The idea of the then pres­i­dent, a timid bu­reau­crat who was a servile con­fi­dant of mil­i­tary rulers from Ayub to Zia, in­de­pen­dently dic­tat­ing to the army chief a po­lit­i­cal strat­egy against a politi­cian con­sid­ered a ‘se­cu­rity threat’ is laugh­able.

It is a his­toric fact that the funds dis­burse­ment op­er­a­tion of 1990 to thwart the PPP was a con­tin­u­a­tion of a sus­tained ef­fort that had started when the ISI cob­bled to­gether the Is­lami Jamhoori It­te­had (IJI) prior to the 1988 elec­tions.

Op­er­a­tion Jackal, aimed at push­ing through a no-con­fi­dence vote against Be­nazir Bhutto’s gov­ern­ment, fol­lowed in 1989. ISI op­er­a­tives were in­volved. This is what Ms Bhutto was to re­count in a later edition of her book, Daugh­ter of the East.

It was af­ter the fail­ure of Op­er­a­tion Jackal that she sought to ex­er­cise some con­trol over the ISI by ap­point­ing, for the first time in that or­gan­i­sa­tion’s his­tory, a re­tired rather than a serv­ing gen­eral as di­rec­tor gen­eral.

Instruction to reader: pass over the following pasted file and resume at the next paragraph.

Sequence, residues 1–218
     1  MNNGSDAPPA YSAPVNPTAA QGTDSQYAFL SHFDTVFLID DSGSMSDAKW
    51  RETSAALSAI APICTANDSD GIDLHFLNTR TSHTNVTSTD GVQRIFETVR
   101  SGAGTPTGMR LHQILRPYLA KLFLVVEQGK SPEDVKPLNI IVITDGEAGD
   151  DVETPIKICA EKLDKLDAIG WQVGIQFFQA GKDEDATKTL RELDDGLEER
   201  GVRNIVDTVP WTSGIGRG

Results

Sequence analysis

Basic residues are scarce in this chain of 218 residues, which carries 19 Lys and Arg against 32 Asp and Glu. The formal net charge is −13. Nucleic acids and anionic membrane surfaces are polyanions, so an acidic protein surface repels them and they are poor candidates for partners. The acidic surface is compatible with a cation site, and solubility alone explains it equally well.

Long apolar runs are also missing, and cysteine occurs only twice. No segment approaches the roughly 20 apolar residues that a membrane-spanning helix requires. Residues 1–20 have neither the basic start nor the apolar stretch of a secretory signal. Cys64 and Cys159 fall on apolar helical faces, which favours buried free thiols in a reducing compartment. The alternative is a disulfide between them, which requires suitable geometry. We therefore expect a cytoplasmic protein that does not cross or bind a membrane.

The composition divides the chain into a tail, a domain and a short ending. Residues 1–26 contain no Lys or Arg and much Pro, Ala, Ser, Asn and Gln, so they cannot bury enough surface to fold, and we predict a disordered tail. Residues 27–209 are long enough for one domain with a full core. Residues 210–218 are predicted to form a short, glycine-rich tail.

Knowl­edge­able ob­servers from Shuja Nawaz to Stephen Co­hen have sug­gested that Lt Gen Kallu’s (retd) ap­point­ment as DG, ISI was re­sented by those who mat­tered. This was clearly one of the fac­tors that pre­cip­i­tated the demise of the Bhutto gov­ern­ment through de­ploy­ment of Ar­ti­cle 58(2)(b) in Septem­ber 1990. It was the es­tab­lish­ment at ‘work’, not the pres­i­dent alone.

Gen Beg has also mis­chie­vously in­voked the fig­ure of the late prime min­is­ter, Zul­fiqar Ali Bhutto, as the per­son ul­ti­mately re­spon­si­ble for the plun­der of pub­lic de­posits placed with Habib Bank, then a na­tion­alised bank, in Septem­ber and Oc­to­ber of 1990 in or­der to steal that year’s elec­tion from the PPP.